Introduction 2

Monument to Napoleon and his brothers, Place de Gaulle, Ajaccio, Corsica.

Napoleon was not just a person or a name – it was a family brand! Napoleon’s father, Carlo Buonaparte, a Corsican-Italian lawyer, immediately understood the importance of French presence on the island, became Corsica’s representative to the court of Louis XVI, and placed himself into advantageous administrative positions that allowed his five sons to receive scholarships to elite French institutions.

Napoleon’s mother, Maria Letizia, was a rock and the entire family was teetered to her powerful matriarchal presence. Incidentally, the fact that Napoleon’s family included five brothers and three sisters, same as with Tolstoy’s children who lived to adulthood, is one of those inconsequential historical coincidences. Napoleon was the second child and brother who could never be accused of rising too high and leaving the family in the dust! He elevated all his siblings and generously handed out royal titles to his brothers and married his sisters into European royalty! Here is a list of the eight siblings with their titles at the height of Napoleon’s power – not bad for a bunch of islander commoners!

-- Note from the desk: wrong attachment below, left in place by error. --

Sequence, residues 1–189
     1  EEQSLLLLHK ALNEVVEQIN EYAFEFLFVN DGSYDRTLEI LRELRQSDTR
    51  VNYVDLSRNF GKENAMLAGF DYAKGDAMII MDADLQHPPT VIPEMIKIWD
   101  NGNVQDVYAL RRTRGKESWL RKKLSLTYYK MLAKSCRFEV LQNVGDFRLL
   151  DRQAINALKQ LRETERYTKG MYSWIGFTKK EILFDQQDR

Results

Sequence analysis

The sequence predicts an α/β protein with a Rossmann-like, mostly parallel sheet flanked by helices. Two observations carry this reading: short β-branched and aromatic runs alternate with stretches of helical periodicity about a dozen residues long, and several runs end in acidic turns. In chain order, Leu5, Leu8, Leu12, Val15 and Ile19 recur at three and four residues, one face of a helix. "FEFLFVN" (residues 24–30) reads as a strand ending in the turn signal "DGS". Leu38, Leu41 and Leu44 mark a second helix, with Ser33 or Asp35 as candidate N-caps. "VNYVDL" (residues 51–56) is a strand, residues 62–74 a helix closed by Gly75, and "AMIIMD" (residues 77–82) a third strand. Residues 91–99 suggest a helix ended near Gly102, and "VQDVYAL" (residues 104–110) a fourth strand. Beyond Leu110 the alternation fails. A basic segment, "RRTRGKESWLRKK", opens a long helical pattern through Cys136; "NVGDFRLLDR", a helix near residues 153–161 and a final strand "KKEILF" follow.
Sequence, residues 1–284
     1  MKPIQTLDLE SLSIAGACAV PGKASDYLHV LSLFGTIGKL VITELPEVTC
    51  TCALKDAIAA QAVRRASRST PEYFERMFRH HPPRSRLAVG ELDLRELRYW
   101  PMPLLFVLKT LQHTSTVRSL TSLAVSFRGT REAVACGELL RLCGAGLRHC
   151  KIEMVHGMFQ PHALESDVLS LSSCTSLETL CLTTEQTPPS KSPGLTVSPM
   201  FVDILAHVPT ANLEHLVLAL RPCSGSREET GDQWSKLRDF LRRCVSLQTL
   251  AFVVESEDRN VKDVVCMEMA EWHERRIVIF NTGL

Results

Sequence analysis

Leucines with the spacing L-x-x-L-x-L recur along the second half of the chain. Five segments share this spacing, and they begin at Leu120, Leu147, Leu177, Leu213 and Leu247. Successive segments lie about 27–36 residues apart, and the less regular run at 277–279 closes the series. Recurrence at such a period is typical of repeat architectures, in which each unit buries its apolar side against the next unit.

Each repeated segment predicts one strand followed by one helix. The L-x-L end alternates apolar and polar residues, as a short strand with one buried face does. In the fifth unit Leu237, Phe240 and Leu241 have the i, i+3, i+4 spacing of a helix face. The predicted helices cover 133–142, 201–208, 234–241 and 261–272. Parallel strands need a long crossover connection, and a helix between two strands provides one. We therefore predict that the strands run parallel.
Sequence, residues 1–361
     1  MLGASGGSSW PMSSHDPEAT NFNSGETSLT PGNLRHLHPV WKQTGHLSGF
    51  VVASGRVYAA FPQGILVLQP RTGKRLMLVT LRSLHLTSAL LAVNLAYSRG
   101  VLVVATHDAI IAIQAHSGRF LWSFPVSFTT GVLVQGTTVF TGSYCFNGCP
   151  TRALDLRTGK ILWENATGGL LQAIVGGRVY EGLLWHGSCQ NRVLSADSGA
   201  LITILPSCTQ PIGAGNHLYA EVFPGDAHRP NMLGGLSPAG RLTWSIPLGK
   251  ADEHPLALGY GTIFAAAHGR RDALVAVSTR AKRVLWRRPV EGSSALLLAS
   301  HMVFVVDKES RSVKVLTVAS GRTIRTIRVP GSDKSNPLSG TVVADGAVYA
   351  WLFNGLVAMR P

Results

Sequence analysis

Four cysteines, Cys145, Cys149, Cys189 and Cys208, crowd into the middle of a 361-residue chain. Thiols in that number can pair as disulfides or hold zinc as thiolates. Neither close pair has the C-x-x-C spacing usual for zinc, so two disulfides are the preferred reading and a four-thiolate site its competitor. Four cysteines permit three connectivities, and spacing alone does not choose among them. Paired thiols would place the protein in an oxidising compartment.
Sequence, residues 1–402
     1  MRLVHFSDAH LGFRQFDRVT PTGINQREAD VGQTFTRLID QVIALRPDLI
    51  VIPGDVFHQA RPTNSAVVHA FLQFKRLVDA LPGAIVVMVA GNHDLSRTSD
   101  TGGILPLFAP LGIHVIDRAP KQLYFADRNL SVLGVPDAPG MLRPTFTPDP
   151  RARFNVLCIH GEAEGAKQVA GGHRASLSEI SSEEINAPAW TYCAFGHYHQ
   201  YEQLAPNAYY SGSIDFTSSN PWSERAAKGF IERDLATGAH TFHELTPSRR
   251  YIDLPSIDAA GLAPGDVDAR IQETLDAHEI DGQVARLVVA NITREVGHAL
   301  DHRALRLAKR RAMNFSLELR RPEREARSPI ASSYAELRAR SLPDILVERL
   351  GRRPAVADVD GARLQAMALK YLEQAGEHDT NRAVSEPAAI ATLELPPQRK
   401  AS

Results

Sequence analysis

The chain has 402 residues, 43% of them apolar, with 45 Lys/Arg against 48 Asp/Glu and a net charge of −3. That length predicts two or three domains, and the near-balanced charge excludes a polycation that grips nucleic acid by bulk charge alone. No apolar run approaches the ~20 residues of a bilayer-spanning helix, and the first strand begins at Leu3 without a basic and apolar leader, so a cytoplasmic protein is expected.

• Joseph, King of Spain
  • Napoleon I, Emperor of the French
  • Lucien, 1st Prince of Canino and Musignano
  • Elisa, Grand Duchess of Tuscany
  • Louis, King of Holland
  • Pauline, Princess and Duchess of Guastalla
  • Caroline, Queen of Naples
  • Jerome, King of Westphalia

This list will help you identify Napoleon’s siblings in the early chapters and throughout War and Peace. In subsequent introductions I will write about Napoleon II, Napoleon III, and, of course, Josephine! She deserves a chapter – or a book – or several volumes – of her own! What a woman!

Napoleon and Josephine at the espousal of Jérôme Bonaparte and Catharina of Württemberg, by Jean-Baptiste Regnault, 1807.

This family had style! Napoleon and Josephine at the espousal of Jérôme Bonaparte and Catharina of Württemberg, by Jean-Baptiste Regnault, 1807. Lucien is the only Napoleon sibling who is absent in this painting.

Introduction 3

Napoleon II, also known as Franz, Duke of Reichstadt, by Leopold Bucher.

And now a note on the three Napoleons! The only Napoleon who concerns us is Napoleon I, who established the First French Empire in 1804. That’s where we meet him at the start of War and Peace. Tomorrow, I will write a note about the French Revolution of 1789 and by February 1 I will lead all the readers through all the major stages of the revolution and the rise of Napoleon I from an impressionable young Corsican to his imperial throne! Bur today I will comment on the other Napoleons to get them out of the way and avoid all confusion in the future!